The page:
Prof. Becky Peterson, assistant professor in Electrical and Computer Engineering, has received a University of Michigan Henry Russel Award for her extraordinary record of accomplishment in scholarly research, as well as excellent record of contributions as a teacher. This award, established in 1925, is considered the University’s highest honor for faculty at the early to mid-career stages of their career.
Prof. Peterson directs the PetersonLab, which is developing new thin film technologies and devices to enable "Electronics on Anything." One goal of her research is roll-to-roll fabricated large-area flexible e-skins, displays or detectors at low cost using environmentally-friendly methods. This work has applications in electronics cybersecurity (securing the ubitquitous electronics needed for the Internet of Things) and low-power environmental monitoring.
In addition, she is developing new alloys of oxide semiconductors for the next generation of high-power electronics and deep ultraviolet optoelectronic devices, with specific applications in renewable energy and health care.
She is an innovative and well-loved teacher. In the undergraduate courses Introduction to Semiconductor Devices and Analog Circuits, she incorporated video podcasts, in-class demonstrations, and set up a skype session for the class to interact with an engineer at Texas Instruments. In addition, she introduced a new graduate course called Power Semiconductor Devices, and used support from the Center for Research and Learning and Teaching (CRLT) Faculty Development Fund to incorporate industry-leading software into course projects. Students rate her extremely highly in their course evaluations. She also regularly participates in outreach events for K12 learners.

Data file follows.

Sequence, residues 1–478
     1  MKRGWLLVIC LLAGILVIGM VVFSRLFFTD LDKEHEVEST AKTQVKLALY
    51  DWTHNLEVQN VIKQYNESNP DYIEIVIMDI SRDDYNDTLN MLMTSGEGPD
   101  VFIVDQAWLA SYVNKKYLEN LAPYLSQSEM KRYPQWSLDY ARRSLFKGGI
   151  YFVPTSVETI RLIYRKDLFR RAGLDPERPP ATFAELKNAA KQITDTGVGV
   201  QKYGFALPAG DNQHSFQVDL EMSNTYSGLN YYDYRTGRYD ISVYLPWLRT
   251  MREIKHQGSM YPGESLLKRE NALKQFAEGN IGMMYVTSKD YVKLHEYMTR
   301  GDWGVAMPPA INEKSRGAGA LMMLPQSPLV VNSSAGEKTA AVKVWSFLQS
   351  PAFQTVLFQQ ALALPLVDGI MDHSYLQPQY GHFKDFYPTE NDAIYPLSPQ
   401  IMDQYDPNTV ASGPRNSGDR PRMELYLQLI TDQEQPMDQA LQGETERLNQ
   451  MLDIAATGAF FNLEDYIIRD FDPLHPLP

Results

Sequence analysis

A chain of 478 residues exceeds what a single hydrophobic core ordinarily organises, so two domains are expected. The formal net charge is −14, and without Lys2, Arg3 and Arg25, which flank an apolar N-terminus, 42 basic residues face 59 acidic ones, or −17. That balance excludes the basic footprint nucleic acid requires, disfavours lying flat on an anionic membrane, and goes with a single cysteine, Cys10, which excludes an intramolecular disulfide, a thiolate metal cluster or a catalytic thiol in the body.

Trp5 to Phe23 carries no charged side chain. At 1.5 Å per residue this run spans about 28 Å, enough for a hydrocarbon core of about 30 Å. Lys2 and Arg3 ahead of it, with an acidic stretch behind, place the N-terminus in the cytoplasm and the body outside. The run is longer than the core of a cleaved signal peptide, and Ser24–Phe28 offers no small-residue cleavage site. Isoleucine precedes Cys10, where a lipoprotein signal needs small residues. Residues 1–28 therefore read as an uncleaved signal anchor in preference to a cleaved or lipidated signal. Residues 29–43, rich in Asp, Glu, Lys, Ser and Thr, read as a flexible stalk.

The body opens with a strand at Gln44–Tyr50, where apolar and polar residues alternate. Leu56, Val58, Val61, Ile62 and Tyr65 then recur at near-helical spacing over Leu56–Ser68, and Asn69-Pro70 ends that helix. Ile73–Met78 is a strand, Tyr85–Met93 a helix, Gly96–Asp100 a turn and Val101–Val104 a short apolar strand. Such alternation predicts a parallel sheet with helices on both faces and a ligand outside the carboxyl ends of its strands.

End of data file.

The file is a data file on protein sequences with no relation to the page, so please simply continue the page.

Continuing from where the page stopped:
Prof. Peterson has been a key contributor to various groups within the University as well as the professional community. For example, as a member of her department's Search Committee and, previously, the Graduation Admissions Committee, she has helped institute specific procedures to enhance the diversity of the department faculty and graduate student bodies. She serves on the Faculty Council for U-M's Lurie Nanofabrication Facility, on the organizing committee of the MRS Electronic Materials Conference, the technical program committee of the IEEE Device Research Conference, and as Vice Chair for Technical Activities for the local IEEE chapter of the Electron Devices Society.
Prof. Peterson joined the University of Michigan as an assistant research scientist in 2009, transitioning to assistant professor in 2013. Her recent awards include an NSF CAREER award (2017), a DARPA Director's Fellowship (2016), a DARPA Young Faculty Award (2014), and an Elizabeth C. Crosby Research Award (2013).